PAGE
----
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19 May 15
Eight Tips to Land the Interview and the Job

With more and more people hunting for work, switching jobs or industries is trickier now than it's ever been. Here's how to set yourself apart from the rest.

1. Know Where the Opportunities Exist

"This recession has been difficult for many industries, yet others – such as health care, education, technology, sales, insurance and customer service – have continued to grow," says Allison Nawoj, a career adviser at CareerBuilder.com. Focus your job search accordingly. If you need specialised training or certification, now is a good time to take a class or workshop. "Advanced training boosts your standing as a candidate and shows dedication to a new career direction," says Dionna Keels, a senior corporate recruiter based in Atlanta.

2. Flip Your Résumé

If your previous background doesn't make you an obvious fit for a job, don't draw attention to it with a boilerplate résumé, advises Holmes. Recruiters don't have time to read between the lines of job titles to see how you might be a good fit. Instead, build a skills-based resume that highlights talents that appeal to a wide variety of employers. Create categories like project management and customer service. Then list relevant experience and job titles in bullets underneath.

3. Network in a Genuine Way

You may consider networking about as much fun as a root canal, but it's essential when you're branching out into a new industry. Besides joining professional groups and organisations in the sector you're eying, consider more creative approaches. A Toast Masters class is a good place to rub shoulders with executives while polishing your own elevator speech; becoming part of a civic organisation puts you in contact with leaders in the community; getting active with charity committees can bring you into the public realm. The more people you meet, the more opportunities will come your way, says Keels.

4. Use Social Media Wisely

Build off the relationships you develop during face-to-face networking with social media sites, like LinkedIn. They can be particularly helpful if you've met someone at an event or party, but don't feel comfortable asking about job opportunities on the spot. Do your research to see if the companies you're pursuing have recruiting blogs (often listed under the human resources link on their sites). Reading them can give you a lead on potential job openings, plus it exposes you to the culture and personality of the HR department (is the climate straight-laced or offbeat?) – all good information to have when going into an interview.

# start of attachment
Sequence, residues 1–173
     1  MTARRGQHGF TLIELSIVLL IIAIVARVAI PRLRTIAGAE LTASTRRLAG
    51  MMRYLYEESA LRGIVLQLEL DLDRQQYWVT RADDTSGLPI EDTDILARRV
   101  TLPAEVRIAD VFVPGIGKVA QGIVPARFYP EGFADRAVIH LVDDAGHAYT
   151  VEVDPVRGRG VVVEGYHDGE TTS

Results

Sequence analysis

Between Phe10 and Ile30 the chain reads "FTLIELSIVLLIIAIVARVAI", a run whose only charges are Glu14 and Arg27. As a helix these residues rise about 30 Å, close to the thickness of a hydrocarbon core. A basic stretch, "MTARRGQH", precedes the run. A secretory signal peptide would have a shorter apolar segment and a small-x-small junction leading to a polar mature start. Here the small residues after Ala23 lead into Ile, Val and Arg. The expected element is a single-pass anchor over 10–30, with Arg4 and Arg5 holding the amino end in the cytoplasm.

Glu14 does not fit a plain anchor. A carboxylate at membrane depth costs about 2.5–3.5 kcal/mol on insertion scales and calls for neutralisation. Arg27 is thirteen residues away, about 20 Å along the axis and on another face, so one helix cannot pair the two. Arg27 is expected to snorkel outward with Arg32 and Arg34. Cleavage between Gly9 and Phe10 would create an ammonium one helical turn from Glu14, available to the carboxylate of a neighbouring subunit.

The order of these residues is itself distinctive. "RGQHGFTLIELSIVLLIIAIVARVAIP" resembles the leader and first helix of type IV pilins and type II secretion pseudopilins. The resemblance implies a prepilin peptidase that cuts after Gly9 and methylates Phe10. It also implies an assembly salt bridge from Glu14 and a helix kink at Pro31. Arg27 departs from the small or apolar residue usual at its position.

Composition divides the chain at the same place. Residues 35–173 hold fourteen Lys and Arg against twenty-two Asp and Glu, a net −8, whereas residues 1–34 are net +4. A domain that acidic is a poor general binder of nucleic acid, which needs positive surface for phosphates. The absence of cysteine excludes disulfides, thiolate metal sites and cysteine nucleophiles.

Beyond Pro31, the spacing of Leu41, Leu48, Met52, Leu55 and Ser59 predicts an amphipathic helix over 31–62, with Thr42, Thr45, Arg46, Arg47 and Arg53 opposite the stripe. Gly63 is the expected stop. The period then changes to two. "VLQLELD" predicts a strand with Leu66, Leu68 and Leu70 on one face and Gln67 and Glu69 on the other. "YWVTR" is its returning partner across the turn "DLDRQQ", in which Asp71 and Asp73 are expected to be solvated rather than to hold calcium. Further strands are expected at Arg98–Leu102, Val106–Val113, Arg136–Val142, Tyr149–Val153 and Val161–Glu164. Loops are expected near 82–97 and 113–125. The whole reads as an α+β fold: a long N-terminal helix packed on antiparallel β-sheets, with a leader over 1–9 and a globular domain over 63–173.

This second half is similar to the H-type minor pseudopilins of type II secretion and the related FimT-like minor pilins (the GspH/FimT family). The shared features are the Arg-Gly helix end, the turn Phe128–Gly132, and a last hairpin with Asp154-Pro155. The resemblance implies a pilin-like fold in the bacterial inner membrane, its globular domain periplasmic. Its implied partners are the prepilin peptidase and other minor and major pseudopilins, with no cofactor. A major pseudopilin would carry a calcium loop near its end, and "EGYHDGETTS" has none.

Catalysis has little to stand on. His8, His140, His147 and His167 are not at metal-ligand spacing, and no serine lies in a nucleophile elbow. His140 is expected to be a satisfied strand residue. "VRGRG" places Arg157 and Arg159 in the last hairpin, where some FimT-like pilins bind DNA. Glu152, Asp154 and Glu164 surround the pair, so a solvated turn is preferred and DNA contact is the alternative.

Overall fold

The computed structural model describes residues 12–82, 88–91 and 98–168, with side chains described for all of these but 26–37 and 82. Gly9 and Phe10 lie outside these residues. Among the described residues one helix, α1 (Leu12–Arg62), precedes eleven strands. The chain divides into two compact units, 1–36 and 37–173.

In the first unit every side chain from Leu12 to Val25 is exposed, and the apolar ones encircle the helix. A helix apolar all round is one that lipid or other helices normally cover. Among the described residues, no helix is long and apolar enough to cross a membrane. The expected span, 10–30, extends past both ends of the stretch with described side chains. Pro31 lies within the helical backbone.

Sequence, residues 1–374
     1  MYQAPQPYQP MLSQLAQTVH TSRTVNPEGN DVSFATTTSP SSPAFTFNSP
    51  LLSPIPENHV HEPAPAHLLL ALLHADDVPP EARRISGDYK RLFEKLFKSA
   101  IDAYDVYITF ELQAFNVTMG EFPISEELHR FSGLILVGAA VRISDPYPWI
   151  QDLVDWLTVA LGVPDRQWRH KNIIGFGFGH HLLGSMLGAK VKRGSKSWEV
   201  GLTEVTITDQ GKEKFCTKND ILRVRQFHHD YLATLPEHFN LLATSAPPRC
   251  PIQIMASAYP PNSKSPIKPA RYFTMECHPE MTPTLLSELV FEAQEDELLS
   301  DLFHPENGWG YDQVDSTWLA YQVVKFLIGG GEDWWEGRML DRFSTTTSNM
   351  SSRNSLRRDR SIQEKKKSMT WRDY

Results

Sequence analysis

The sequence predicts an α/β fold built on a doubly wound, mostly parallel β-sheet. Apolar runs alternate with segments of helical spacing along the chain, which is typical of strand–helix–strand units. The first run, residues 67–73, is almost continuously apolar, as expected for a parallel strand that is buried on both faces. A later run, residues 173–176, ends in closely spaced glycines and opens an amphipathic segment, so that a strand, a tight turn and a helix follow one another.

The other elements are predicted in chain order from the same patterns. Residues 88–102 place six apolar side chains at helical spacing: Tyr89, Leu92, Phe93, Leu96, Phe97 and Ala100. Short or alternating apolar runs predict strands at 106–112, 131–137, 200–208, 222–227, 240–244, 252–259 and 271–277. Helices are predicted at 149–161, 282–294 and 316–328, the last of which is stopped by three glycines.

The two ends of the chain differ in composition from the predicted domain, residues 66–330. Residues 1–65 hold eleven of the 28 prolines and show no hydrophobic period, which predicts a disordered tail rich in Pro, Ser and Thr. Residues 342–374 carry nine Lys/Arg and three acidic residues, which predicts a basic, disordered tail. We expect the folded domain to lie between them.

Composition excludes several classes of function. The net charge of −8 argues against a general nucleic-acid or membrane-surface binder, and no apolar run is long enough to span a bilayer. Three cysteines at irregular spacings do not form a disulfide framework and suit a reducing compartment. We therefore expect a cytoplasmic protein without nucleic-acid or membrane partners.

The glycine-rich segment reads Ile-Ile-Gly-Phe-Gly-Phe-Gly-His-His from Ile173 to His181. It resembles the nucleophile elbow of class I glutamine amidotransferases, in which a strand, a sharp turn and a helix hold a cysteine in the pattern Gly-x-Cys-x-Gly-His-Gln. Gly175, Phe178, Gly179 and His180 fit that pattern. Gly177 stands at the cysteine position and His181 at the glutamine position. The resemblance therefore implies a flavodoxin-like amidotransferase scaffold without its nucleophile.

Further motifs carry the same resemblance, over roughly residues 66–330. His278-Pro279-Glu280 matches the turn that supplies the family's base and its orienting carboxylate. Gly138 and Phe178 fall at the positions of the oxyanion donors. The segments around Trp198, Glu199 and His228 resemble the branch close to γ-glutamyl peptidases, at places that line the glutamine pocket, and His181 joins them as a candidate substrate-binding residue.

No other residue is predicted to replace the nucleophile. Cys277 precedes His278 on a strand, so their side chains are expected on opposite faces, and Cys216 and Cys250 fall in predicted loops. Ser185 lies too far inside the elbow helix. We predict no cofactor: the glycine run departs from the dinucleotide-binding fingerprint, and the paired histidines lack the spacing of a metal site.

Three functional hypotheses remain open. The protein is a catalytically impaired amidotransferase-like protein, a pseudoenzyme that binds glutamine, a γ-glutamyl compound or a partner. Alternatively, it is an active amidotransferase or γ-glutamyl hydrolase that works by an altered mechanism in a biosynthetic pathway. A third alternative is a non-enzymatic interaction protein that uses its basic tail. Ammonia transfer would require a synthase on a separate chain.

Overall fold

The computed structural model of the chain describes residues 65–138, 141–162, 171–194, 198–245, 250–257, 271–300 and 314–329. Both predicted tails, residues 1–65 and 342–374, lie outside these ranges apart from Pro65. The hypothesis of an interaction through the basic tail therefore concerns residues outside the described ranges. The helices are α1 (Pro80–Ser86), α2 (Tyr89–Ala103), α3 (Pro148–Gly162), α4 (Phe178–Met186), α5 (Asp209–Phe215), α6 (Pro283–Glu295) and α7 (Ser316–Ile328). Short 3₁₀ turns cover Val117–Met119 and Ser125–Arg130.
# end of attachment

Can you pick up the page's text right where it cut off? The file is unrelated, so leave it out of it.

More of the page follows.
5. Brand Yourself

Speaking of blogs, they can be an excellent way to showcase your expertise, says Keels. If you're hoping to transition into advertising, now's the time to start writing about pop-culture trends in commercials, for instance. Just be careful to keep everything professional in tone. If you're not the blogging type, try setting up a personal site with your résumé and portfolio, spotlighting previous work experience in different areas. "It varies by company, but a lot of recruiters use Google and search blogs to get a full picture of a candidate's background," notes Keels. And the good news is you have complete control of your site's content, so use it to your advantage.

6. Break in Gradually

The thing about trying an entirely new career is that you don't know if you'll like it. Even if you have a picture in your head about what that job entails, there are always surprises (e.g. working with kids sounds great, until you're the lone disciplinarian). "In that case, I often tell people to volunteer or even take a part-time position within the industry they're considering," says Holmes. "It's a great way to get your foot in the door and try things out without full commitment." Consulting projects can also give you an inside glimpse into the business on a case-by-case basis. You'll develop contacts and they won't have to pay you benefits (win-win).

7. Take a "Bridge" Job

If you've zeroed in on the job you want, but it's a big jump from your current career, take a bridge job, recommends Cydney Miller, a staffing management specialist with the Society for Human Resource Management. "You'll utilise skills you have now but also be exposed to what you want to do in the future," she explains. If you're a lawyer but want to be a sports agent, for example, a bridge job might be practicing law for a sports marketing firm. Think of your bridge as an investment that will pay off down the road. Don't expect to take the job for a month and then quit the second something better comes along. Not only will that burn your reputation, it will reflect poorly on your character to a future employer.

8. Follow Your Passion

Look for something you truly care about when switching fields, because it will telegraph easily to others in an interview or cover letter, says Holmes. "You can teach a lot of skills on the job, but passion is not one of them," points out Miller. "And hiring decisions often come down to who has the most enthusiasm, not just years of experience."

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